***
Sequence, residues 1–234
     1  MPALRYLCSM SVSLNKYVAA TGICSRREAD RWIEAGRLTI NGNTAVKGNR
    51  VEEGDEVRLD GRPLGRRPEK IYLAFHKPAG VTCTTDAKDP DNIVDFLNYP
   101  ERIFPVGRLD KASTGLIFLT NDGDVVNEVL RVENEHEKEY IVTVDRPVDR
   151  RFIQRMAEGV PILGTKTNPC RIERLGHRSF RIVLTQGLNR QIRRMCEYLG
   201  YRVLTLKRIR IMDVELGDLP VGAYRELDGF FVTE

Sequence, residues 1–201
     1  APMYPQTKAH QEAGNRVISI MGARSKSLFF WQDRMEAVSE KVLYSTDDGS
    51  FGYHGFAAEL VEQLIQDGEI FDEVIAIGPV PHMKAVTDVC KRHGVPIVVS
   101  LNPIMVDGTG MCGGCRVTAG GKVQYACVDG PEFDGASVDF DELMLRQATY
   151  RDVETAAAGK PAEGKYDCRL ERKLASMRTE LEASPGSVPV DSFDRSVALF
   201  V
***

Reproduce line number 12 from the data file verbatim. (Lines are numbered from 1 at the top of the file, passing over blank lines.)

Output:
   201  V